Every so often I will get asked the question, why do you re-enact? Sometimes I answer it is because I love to dress up or, I love to go camping in a tent. But the more serious reply to that question is I re-enact so people know the truth about what happened, why it happened, and hope that it never happens again. In light of the terrorism that took place recently in Charlottsville, Virginia, I thought I would clarify why I do what I do not only for those who ask, but for myself.
War is a horrible thing, and it should not be glamorized in any way. To quote George Hazzard from the miniseries North and South, “War is killing, killing your enemy.” The taking of a human life is not something that should be celebrated no matter the reason. War is sinful, and yes, sometimes inevitable, but it is not the norm nor should it be.
Make no mistake about it; the American Civil War was about slavery plain and straightforward. It was not a complicated series of events it was about white guys having the right to own black guys and if you doubt me just read the secession documents published by the various states in rebellion. Also to be clear, as justified as their position was, the abolitionist of the day believed that slavery was an abomination, but they also believed that the black man was not equal to the white man.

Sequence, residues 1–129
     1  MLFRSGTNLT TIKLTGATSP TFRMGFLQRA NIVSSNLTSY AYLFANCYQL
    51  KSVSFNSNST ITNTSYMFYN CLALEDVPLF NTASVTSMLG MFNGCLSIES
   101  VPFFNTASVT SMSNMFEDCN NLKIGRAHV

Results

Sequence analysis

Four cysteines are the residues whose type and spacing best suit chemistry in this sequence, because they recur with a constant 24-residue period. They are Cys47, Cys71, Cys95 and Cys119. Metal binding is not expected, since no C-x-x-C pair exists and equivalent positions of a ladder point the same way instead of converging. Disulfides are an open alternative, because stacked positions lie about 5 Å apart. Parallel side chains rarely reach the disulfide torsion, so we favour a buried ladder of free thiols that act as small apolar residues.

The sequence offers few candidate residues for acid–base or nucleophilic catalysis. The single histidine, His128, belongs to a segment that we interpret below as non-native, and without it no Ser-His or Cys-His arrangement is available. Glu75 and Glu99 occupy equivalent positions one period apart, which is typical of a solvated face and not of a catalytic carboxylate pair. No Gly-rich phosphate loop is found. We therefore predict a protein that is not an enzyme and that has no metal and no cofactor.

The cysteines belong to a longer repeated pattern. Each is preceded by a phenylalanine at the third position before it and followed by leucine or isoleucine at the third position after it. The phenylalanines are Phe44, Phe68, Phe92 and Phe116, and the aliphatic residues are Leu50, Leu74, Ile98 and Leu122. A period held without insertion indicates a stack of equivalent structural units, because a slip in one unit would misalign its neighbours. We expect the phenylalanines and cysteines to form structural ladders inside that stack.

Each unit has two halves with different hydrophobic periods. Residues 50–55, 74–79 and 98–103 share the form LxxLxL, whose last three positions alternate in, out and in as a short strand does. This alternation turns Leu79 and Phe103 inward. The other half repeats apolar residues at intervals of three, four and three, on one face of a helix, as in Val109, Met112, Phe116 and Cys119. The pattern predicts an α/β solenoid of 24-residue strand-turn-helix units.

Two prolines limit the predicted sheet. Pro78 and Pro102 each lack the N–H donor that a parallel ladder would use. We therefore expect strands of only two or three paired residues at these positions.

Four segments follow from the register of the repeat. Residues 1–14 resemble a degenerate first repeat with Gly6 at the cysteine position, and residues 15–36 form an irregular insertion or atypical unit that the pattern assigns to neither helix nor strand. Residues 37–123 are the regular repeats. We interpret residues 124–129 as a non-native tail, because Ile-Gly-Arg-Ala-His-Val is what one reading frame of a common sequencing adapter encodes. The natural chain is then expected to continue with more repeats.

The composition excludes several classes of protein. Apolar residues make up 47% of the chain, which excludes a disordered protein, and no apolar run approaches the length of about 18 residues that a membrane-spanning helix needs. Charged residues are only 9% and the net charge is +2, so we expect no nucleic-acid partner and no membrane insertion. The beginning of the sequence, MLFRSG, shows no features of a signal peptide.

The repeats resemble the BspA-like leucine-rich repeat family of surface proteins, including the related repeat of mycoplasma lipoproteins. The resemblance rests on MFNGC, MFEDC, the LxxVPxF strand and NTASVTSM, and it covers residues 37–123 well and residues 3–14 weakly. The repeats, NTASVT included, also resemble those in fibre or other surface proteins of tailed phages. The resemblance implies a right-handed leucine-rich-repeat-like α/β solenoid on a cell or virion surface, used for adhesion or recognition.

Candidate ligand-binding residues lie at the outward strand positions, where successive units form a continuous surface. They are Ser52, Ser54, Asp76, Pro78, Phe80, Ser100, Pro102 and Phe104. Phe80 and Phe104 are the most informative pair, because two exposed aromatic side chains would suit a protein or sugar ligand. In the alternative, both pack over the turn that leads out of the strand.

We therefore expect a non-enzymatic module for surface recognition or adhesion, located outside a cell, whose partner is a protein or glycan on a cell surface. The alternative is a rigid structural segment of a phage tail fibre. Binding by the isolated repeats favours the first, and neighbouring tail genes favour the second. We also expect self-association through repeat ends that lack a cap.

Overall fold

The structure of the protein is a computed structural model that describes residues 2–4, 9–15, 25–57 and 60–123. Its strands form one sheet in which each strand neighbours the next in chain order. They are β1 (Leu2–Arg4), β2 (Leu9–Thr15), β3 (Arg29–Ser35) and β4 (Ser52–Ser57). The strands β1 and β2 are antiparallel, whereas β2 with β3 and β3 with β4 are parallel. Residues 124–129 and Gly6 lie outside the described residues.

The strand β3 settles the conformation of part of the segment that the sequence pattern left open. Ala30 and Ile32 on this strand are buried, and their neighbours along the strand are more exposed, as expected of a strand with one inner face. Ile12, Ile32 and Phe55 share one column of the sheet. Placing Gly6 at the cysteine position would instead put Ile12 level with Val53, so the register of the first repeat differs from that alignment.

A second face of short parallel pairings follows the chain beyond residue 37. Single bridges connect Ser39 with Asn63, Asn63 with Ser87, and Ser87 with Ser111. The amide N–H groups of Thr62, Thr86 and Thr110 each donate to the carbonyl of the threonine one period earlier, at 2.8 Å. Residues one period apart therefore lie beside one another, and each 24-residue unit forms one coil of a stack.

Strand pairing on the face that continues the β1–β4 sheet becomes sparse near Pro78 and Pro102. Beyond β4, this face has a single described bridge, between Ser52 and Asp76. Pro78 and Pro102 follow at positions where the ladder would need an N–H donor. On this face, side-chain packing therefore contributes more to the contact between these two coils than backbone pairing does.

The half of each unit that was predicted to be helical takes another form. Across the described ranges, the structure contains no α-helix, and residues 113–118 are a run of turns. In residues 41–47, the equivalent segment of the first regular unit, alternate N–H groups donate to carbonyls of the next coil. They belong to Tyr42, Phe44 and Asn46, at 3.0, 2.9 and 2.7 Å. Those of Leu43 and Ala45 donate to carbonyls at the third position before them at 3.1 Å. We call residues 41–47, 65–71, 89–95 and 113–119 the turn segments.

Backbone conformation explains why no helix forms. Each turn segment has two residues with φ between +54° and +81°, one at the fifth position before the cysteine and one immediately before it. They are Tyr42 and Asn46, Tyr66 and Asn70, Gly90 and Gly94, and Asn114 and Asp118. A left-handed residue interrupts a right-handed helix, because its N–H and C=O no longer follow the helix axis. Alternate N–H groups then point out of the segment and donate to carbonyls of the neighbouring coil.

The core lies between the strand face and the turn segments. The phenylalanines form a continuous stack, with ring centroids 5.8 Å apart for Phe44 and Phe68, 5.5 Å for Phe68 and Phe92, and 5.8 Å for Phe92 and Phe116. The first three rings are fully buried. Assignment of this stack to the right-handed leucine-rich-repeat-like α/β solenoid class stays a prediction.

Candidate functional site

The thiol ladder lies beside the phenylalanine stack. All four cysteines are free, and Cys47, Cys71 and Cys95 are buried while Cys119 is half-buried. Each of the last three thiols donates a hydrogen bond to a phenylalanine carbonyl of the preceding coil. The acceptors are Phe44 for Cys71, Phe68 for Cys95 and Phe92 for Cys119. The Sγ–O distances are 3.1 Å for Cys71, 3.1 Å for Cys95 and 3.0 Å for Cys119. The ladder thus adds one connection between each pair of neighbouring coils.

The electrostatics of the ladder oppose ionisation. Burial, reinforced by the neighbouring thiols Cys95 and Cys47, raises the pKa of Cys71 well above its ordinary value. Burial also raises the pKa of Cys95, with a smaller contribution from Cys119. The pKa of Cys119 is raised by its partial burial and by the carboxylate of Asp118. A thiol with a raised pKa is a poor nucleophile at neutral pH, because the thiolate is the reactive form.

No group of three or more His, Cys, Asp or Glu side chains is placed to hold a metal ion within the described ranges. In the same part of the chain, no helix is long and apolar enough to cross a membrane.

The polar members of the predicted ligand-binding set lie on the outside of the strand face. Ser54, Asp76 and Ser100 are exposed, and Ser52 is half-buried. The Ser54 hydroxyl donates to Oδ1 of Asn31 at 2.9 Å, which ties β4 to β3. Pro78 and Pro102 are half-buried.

Some might say that the American Civil War was a shameful part of our history, and they would be correct in that assumption but just because something is a disgrace does not mean we should hide it or not try and find lessons in it to prevent us from making the same mistakes.
History, our shared history, is significant and those times that we are the most ashamed of help us not only to understand where we have come from but where we are going. We need to know the mind of those who came before us partly so we can understand and interpret the actions they took, but also so we can frame the future direction we take.
My usual portrayal at an event is as a chaplain with one of the regiments of the Union. I will freely admit that religion was, in no small way, a catalyst for the war but it was also a way to help the soldiers, far away from home, dealing with the horrors of war, to try and make some sense out of it. Just as the soldiers of today have to deal with the mental and emotional scars of war so did the troops in the 19th century.
In the end, I will say that I reenact in the hopes that we can avoid the events that brought our nation to that point of near destruction. I re-enact to inform and educate people about the real reasons why the war happened and that we should not glorify, even for a minute, those who caused the war and took up arms against their nation. I re-enact a war in the hopes that, in the future, we may never have to re-enact another one.